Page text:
• 02

       Should you use Cash or Accrual Accounting?

      One of the first decisions you have to make when setting up your bookkeeping system is whether or not to use a cash or accrual accounting system. If you are operating a small, one-person business from home or even a larger consulting practice from a one-person office, you might want to stick with cash accounting. If you use cash accounting, you record your transaction when cash actually changes hands. Cash can be anything from actual money to electronic funds transfer. Sometimes firms start their business using cash accounting and switch to accrual accounting as they grow.

      If you are going to offer your customers credit or if you are going to request credit from your suppliers, then you have to use an accrual accounting system. Using accrual accounting, you record purchases or sales immediately, even if the cash doesn’t change hands until a later time, such as in the case of Accounts Payable or Accounts Receivable.

    • 03

       The Basics – Understanding Assets, Liabilities, and Equity

      Before you set up your bookkeeping system, you have to understand the firm’s basic accounts – assets, liabilities, and equity. Assets are those things the company owns such as its inventory and accounts receivables. Liabilities are those things the company owes such as what they owe to their suppliers (accounts payable), bank and business loans, mortgages, and any other debt on the books. Equity is the ownership the business owner and any investors have in the firm.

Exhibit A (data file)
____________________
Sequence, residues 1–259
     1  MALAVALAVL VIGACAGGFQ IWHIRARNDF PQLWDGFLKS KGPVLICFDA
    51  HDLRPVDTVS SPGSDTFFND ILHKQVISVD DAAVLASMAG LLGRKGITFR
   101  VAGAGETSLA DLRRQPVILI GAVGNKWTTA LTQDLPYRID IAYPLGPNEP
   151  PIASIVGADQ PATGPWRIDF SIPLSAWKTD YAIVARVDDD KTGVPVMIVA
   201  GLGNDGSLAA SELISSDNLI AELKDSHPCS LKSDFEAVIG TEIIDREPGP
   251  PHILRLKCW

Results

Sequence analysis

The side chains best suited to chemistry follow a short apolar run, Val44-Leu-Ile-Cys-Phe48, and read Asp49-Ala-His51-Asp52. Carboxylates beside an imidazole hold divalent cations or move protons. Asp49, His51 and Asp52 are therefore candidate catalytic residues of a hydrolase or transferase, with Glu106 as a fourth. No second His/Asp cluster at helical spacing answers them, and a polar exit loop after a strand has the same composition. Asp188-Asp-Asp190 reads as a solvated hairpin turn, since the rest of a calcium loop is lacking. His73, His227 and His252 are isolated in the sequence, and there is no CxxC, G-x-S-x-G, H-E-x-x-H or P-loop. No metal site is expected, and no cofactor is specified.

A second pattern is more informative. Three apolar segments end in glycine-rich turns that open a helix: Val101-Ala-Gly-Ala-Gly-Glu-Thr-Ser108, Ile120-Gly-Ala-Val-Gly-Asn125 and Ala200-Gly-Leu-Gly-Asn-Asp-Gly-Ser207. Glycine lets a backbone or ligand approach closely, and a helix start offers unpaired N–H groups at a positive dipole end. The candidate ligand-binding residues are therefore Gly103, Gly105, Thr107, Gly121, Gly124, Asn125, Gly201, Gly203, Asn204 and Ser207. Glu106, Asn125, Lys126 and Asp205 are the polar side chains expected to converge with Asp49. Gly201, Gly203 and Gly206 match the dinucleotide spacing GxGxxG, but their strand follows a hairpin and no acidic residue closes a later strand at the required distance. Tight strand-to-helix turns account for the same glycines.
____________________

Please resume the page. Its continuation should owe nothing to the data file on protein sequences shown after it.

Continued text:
Balancing the Books

      To balance your books, you have to keep careful track of these items and be sure the transactions that deal with assets, liabilities, and equity are recorded correctly and in the right place. There is a key formula you can use to make sure your books always balance. That formula is called the accounting equation:

      Assets = Liabilities + Equity

      The accounting equation means that everything the business owns (assets) is balanced against claims against the business (liabilities and equity). Liabilities are claims based on what you owe vendors and lenders. Owners of the business have claims against the remaining assets (equity).

      Initial Bookkeeping Terms Related to the Accounting Equation

      Let’s take a closer look at assets, liabilities, and equity so you will have a complete understanding of what comprises each one.